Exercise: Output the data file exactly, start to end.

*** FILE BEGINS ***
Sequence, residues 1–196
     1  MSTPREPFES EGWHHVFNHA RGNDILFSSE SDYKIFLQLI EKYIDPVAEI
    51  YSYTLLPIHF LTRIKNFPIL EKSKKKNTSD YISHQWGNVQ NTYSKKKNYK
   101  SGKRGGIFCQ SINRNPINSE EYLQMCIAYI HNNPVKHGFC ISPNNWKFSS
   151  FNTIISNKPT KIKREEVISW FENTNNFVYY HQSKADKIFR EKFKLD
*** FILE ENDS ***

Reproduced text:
Sequence, residues 1–196
     1  MSTPREPFES EGWHHVFNHA RGNDILFSSE SDYKIFLQLI EKYIDPVAEI
    51  YSYTLLPIHF LTRIKNFPIL EKSKKKNTSD YISHQWGNVQ NTYSKKKNYK
   101  SGKRGGIFCQ SINRNPINSE EYLQMCIAYI HNNPVKHGFC ISPNNWKFSS
   151  FNTIISNKPT KIKREEVISW FENTNNFVYY HQSKADKIFR EKFKLD